Next week I head to the US for the Social Recruiting Summit a one day extravaganza being held at the Googleplex in Mountain View. But as I sit here in wintery Melbourne pondering the future I am wondering when Social Recruiting will fall off the top of the Gartner Hype-curve? It will fall the trick will be to ensure that it does not get stuck in the Trough of Disillusionment.
Social Recruiting is going through a similar phase as cloud computing, I drew this conclusion after reading the McKinsey paper on Clearing the air on cloud computing. Lots and lots of talk, hype and tremendous promise but technical and operational issues are hampering wide spread usage within large enterprises.
Let’s look at McKinsey’s recommendations to stabilise the cloud computing discussion and apply it to social recruiting.
- Get an industry definition on social recruiting, Riges Younan and John Sumser have been having a discussion on this over at SocialRecruiting.com
- Figure out how to get around the hurdles for adoption in large enterprises; Financial, Technical, Operational and Organisational.
- HR/Recruiters should focus on ensuring their operational service delivery is excellent instead of creating unrealistic expectations that social recruiting will save them.
- Everyone should take solid actions to limit the time in the trough, recruiters show clear ROI, technology vendors enhance integration, HR develop strategies.
More on this later.
I have been meaning to write an earth shattering post here for a while, but I guess that will have to wait a bit longer. In the meantime here are four quick thoughts to keep you going:
- Honesty in a resume is important even when your brackground is not the most attractive, Drug Smugglers Resume.
- Want to quickly monitor your personal brand? Here are three tools to help you get started.
- Work in a large company? Then follow David and Gareth on their quest for the perfect ERP.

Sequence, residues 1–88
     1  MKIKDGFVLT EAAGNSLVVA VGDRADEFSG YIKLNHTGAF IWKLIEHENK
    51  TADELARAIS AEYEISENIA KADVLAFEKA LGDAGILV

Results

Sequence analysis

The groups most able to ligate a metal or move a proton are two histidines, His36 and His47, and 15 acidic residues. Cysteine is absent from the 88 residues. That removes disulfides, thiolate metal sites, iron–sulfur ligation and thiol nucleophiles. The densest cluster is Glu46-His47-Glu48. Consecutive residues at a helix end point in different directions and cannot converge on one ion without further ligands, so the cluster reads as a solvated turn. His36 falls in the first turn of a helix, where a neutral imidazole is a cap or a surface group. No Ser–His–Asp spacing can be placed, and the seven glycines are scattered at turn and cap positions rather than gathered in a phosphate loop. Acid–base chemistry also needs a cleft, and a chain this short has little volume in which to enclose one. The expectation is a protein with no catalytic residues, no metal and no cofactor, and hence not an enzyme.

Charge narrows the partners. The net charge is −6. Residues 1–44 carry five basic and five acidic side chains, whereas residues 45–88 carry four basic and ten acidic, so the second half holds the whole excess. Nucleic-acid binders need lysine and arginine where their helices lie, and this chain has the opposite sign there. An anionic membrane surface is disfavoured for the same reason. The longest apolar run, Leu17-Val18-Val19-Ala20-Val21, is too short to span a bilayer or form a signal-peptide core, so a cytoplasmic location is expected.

- Finally when a mainstream consulting firm like McKinsey starts using hashtags to discuss Web 2.0 you know you need to get involved.
For many years I have felt that change management has been one of the most underrated and overlooked component during technology implementation. (For the IT folks out there I am NOT talking about change control I am taking about the people and organisation aspects.) I have been involved in change management from several perspectives and as part of my consulting now offer services are change management. Given this I felt I should probably get some formal training, over the last few days I have been completing the APMG’s course in Change Management.
As a bit of background there is significant research out there to back up the position that if you don’t have change management your technology project will more than likely fail. Some of the more recent studies are:
- A 2002 McKinsey study found that ROI of projects was 143% when change management was used and only 35% when it was not.
- “Projects with excellent change management programs met or exceeded objectives 88% of the time, while projects with poor change management met or exceeded objectives only 17% of the time,” stated Tim Creasey, Prosci’s Director of Research and Development and co-editor of the 2007 report “Best Practices in Change Management”
- Kotter found that only 15% of organisations making transformation succeed.
Watch for more posts in the coming weeks on change management.